DOE releases Energy Star draft criteria on integral LED lamps

The DOE is soliciting comments on its proposed criteria by February 27, 2009.

Jan 20th, 2009
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The U.S. Department of Energy (DOE) has released the first draft of Energy Star criteria for integral LED lamps and has posted these potential criteria on its web site for review.

The draft criteria can be found at http://www.drintl.com/temp/ESIntegralLampsCriteria_Draft1.pdf.

DOE has also posted a letter that explains why integral LED lamps are being included in the Energy Star program at this point and gives an overview of the approach the agency took to decide on certain criteria. Also listed are several key issues that are up for debate and the expected timeline for revising and finalizing these criteria.

What is an integral lamp?
The basic definition of an integral LED lamp is a lamp with:

  • LEDs,
  • an integrated LED driver, and
  • an ANSI standardized base designed to connect to the branch circuit via an ANSI standardized lamp holder/socket*.
DOE further specified that the criteria include:
  • integral LED lamps intended to replace standard general service incandescent lamps of 25 W or greater,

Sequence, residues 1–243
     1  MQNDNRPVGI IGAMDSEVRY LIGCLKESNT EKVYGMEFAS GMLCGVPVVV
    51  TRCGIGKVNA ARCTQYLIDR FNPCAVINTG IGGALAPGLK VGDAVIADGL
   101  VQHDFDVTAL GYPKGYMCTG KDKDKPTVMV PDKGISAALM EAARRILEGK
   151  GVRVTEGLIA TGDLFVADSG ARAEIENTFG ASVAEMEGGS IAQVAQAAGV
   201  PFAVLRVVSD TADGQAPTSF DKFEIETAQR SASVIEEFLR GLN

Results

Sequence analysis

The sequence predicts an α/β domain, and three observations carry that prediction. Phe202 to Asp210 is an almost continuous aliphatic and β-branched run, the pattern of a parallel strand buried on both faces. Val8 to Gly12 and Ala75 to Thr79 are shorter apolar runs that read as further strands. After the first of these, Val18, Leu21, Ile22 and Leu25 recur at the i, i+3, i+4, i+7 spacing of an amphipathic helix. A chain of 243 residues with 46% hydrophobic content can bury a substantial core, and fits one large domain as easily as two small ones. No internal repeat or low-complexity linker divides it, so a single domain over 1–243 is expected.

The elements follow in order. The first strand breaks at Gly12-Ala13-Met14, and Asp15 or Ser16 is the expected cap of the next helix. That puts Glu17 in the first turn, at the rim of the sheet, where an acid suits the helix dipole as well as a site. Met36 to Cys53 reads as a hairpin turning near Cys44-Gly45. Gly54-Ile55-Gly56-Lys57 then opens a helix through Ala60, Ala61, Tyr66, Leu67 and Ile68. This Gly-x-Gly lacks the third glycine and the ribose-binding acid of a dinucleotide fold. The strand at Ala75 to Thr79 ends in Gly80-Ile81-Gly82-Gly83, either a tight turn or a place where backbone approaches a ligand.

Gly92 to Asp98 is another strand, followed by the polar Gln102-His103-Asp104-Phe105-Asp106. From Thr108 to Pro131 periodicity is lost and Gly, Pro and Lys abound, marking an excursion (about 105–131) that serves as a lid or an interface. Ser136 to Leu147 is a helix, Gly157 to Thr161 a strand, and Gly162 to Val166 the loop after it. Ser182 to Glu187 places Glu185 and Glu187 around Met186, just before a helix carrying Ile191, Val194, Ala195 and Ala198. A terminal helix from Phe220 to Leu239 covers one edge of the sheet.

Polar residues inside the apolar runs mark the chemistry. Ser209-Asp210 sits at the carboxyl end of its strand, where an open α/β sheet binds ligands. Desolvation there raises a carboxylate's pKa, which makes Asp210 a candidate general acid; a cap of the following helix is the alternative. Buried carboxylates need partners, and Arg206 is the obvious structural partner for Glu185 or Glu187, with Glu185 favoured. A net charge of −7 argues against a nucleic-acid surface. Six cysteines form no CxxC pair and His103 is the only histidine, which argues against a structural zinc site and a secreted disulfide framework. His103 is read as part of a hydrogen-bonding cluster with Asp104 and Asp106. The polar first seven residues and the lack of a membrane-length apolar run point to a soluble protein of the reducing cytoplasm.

• decorative (candelabra style) lamps and standard reflector lamps of 20 W or greater, and
  • non-standard lamps.
However, these criteria are not applicable to LED lamps intended to replace linear fluorescent or high-intensity discharge (HID) lamps.

Rationale for including integral lamp criteria
The DOE believes that integral lamps are now emerging as technically and commercially viable products. However, since many LED lamps have been performing poorly, some energy efficiency program sponsors have repeatedly been asking for minimum performance guidelines. Thus, setting requirements now, at the early stages of the lamps’ market viability, provides targets that manufacturers can meet to please program sponsors and eventually the public.

Overall approach thinking
In formulating its criteria, the DOE kept these goals in mind:
1) Integral LED lamps should be very similar to the lamps they purport to replace; however, equivalency does not need to inhibit innovation and creativity using LED technology.
2) Integral LED lamps should provide significant energy savings compared to incandescent and halogen sources they replace.

DOE would like comments from stakeholders by Feb. 27th on any of the proposed criteria but are especially interested in comments on:
1. Dimming
2. Non-standard lamps
3. Low-voltage MR16s
4. Reliability testing
Please direct all comments to richard.karney@ee.doe.gov and ssl@drintl.com.

Expected timeline for criteria
Feb. 27th, 2009: 1st round stakeholder review and comments received
Apr. 2009: Second draft criteria published
May. 2009: 2nd round stakeholder comments received
July. 2009: Final criteria published

* ANSI/IESNA RP-16-05, Addendum “a”. Nomenclature and Definitions for Illuminating Engineering. IESNA. 2008.

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